LIVING WELL: Acupuncture is a brain thing
DR. MARK KESTNER, Post Columnist
Thursday, July 25, 2013 12:00 am
Today, hundreds of millions of people use acupuncture for relief around the world, but for many Americans it still seems new.
Because we did not grow up with acupuncture being a normal health care procedure, it seems foreign to us. Yet, throughout history, more people have been treated with acupuncture than with modern drugs.
Although there have been traditional explanations offered for the effectiveness of acupuncture, in view of our current understanding of how the body functions physiologically these explanations are inadequate.
According to ancient Chinese traditions, there are energy circuits running throughout the body known as meridians. Through these meridians, there is a flow of energy known to the Chinese as chi (chee). In Japanese language, it is called ki.
The flow of chi can theoretically be blocked or restricted. Because it is closely associated with the health and function of all of the various parts of the body, whenever chi is restricted this can affect the vitality of the organs and systems.
According to tradition, acupuncture stimulates various energetic points on the body in such as way as to restore normal flow of chi, therefore restoring normal function to the body.
For most practicing acupuncturists and many patients that explanation is enough. However, for medical and clinical acupuncturists, traditional theories are just the starting point of understanding how the method works.
I have studied acupuncture for more than two decades. I began my study like every other acupuncture provider, by studying the Chinese traditions.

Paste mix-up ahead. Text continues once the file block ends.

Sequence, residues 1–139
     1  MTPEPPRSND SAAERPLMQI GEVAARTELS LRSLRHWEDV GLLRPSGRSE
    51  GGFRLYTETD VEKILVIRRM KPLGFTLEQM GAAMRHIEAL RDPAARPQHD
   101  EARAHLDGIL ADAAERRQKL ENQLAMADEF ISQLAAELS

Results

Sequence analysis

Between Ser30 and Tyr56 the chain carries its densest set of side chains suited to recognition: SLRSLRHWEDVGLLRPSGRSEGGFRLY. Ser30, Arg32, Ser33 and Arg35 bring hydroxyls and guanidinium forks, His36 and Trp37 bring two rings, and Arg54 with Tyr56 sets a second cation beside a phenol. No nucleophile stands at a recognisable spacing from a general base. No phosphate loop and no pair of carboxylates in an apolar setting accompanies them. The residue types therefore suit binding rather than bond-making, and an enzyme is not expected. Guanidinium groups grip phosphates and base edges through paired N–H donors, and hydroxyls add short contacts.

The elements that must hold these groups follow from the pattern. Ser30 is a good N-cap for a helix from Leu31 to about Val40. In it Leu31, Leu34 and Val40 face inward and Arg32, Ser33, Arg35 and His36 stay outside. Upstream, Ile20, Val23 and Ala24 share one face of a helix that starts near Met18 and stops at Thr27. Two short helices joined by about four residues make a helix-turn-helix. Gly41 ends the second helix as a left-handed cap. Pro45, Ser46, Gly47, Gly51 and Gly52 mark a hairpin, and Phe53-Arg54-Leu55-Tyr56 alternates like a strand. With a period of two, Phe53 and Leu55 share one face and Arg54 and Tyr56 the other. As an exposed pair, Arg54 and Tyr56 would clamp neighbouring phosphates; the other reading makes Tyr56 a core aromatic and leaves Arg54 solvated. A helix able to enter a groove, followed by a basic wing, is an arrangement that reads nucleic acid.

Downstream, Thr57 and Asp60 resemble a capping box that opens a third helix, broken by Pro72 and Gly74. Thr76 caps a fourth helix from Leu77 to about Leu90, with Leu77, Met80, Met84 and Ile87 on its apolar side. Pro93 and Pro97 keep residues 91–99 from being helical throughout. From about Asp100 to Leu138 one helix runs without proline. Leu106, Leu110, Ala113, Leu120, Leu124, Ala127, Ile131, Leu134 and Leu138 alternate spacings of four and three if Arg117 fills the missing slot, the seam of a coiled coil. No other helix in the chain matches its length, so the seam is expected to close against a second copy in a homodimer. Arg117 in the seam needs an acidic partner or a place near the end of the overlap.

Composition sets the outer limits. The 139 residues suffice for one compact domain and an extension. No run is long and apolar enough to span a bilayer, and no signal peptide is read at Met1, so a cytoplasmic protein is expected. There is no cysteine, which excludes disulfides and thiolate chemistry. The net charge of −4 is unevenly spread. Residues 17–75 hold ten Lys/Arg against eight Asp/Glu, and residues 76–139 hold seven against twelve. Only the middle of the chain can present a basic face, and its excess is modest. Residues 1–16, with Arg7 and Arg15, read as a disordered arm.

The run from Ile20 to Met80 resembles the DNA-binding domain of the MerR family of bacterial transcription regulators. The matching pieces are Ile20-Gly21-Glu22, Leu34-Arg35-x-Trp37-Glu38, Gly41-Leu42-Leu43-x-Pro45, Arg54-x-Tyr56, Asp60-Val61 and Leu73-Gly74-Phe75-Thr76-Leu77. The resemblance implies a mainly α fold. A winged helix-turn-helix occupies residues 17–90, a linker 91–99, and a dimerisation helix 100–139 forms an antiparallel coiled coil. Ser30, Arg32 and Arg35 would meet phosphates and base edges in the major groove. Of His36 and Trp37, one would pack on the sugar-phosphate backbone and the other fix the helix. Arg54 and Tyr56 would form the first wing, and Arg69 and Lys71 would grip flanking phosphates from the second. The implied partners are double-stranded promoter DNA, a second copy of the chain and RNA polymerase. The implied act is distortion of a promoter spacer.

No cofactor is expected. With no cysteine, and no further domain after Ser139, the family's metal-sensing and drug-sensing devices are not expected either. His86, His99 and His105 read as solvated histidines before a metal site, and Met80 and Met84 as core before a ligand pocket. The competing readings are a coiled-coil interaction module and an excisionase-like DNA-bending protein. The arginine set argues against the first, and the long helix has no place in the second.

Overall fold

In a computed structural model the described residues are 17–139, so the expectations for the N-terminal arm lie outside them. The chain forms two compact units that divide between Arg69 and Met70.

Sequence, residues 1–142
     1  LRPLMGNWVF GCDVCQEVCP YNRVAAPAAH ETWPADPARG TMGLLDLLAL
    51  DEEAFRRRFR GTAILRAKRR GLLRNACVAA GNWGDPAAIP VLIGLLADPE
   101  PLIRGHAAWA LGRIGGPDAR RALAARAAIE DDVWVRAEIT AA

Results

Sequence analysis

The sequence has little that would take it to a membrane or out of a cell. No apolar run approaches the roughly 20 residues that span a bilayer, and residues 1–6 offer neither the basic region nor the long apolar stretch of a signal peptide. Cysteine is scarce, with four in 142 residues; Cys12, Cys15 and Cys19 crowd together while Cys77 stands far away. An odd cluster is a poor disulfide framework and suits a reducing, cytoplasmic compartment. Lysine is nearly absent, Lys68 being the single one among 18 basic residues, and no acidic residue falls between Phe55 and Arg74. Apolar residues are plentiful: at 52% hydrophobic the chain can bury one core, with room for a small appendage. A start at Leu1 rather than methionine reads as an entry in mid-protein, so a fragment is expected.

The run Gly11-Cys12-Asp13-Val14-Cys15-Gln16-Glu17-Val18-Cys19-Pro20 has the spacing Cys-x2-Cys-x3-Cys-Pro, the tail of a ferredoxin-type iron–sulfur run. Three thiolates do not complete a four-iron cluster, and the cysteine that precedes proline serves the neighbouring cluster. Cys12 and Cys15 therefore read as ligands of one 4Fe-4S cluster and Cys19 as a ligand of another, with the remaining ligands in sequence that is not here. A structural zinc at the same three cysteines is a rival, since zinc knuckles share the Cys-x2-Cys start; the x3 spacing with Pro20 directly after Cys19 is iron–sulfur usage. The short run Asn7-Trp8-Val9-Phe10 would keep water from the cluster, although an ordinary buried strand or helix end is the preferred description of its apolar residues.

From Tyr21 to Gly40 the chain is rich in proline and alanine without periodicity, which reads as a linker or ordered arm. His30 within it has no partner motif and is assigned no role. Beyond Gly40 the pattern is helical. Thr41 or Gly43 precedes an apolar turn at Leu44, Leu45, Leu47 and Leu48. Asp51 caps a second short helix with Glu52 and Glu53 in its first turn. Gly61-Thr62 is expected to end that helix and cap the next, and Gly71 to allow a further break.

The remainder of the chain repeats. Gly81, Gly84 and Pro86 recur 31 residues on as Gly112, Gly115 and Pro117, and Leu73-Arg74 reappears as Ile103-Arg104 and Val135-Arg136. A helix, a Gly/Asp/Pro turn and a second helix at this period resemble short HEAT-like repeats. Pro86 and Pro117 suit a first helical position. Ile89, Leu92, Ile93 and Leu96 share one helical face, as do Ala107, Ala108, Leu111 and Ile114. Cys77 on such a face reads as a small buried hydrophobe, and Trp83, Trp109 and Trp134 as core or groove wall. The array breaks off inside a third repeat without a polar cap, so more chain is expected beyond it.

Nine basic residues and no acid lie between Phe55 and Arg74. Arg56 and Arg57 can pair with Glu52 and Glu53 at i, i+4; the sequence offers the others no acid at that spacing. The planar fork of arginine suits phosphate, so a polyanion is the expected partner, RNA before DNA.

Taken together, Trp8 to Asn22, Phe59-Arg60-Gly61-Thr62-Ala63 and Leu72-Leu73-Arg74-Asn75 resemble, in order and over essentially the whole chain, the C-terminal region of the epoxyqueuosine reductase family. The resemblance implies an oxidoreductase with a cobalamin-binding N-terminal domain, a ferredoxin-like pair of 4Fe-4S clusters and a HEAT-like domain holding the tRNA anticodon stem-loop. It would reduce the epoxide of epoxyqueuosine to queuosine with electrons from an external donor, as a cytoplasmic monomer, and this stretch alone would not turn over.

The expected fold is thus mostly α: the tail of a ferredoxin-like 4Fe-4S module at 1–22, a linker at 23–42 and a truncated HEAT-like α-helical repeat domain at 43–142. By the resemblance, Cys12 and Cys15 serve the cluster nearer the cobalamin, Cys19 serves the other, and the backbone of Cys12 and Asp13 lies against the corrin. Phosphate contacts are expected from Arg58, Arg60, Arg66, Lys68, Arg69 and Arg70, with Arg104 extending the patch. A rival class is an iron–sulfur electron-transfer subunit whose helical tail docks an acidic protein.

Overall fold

Even though these traditional theories often contrast with our current physiological understanding of the human body, they still work as a model to explain the effects of acupuncture. In other words, if one simply follows the guidelines of the ancient traditions in using acupuncture, a good outcome is likely.
In my view, however, it is insufficient to simply mimic the ancient practitioners in practicing acupuncture. I have found enhancing the practice of acupuncture by incorporating modern contemporary physiological models brings about profound improvement in outcomes.
In my experience, if I use my clinical training in modern physiology in addition to the ancient conceptual traditions, patients get better faster and stay better longer.
From a modern viewpoint, acupuncture works through the nervous system.
By stimulating various nerves in traditional and non-traditional ways, the acupuncture provider can affect the central nervous system.
Research has repeatedly shown acupuncture stimulation has a direct effect on the functioning of the brain. More specifically, it affects the portion of the brain that is associated with pain perception as well as body regulation.
This research goes a long way to explain how acupuncture reduces chronic pain, as well as helps regulate normal body functions.
I routinely treat people with problems like chronic joint pain with acupuncture. It works very well and most often completely resolves the pain.
I have seen several patients lately with ongoing chronic shoulder or knee pain. They have found that acupuncture resolved the pain completely even though we did nothing to the internal structures of the joint.
In these cases, acupuncture has an effect both on the local tissue, that is the muscles and connective tissue, as well as on the nervous system.
Research functional magnetic resonance imaging suggests acupuncture stimulation directly affects the limbic system of the brain, which is involved with chronic pain. The limbic system is a collection of structures within the brain that control many various aspects of our everyday functions.
This begins to explain how acupuncture can benefit patients with such a wide range of clinical issues.
In addition, acupuncture stimulation can reduce the involuntary muscular contraction that is partly responsible for joint mechanical distortions.
From a regulatory standpoint, acupuncture seems to literally balance the body in some ways.
As an example, women who have been having hot flashes will often respond very quickly to acupuncture, as will patients who have been experiencing anxiety.
Digestive issues also respond well.
As research goes forward, more will be learned about how acupuncture helps the brain work better.